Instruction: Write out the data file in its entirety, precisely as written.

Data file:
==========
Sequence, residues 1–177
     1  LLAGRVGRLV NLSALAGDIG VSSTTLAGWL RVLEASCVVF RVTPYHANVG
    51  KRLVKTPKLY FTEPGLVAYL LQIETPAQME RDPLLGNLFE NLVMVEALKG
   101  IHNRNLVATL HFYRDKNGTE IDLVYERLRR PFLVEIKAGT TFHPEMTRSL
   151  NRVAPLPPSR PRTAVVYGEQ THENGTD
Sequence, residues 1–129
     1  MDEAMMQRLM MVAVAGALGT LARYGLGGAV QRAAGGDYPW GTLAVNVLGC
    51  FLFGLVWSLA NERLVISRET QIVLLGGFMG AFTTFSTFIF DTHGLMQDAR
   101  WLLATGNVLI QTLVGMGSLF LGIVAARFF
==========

Sequence, residues 1–177
     1  LLAGRVGRLV NLSALAGDIG VSSTTLAGWL RVLEASCVVF RVTPYHANVG
    51  KRLVKTPKLY FTEPGLVAYL LQIETPAQME RDPLLGNLFE NLVMVEALKG
   101  IHNRNLVATL HFYRDKNGTE IDLVYERLRR PFLVEIKAGT TFHPEMTRSL
   151  NRVAPLPPSR PRTAVVYGEQ THENGTD
Sequence, residues 1–129
     1  MDEAMMQRLM MVAVAGALGT LARYGLGGAV QRAAGGDYPW GTLAVNVLGC
    51  FLFGLVWSLA NERLVISRET QIVLLGGFMG AFTTFSTFIF DTHGLMQDAR
   101  WLLATGNVLI QTLVGMGSLF LGIVAARFF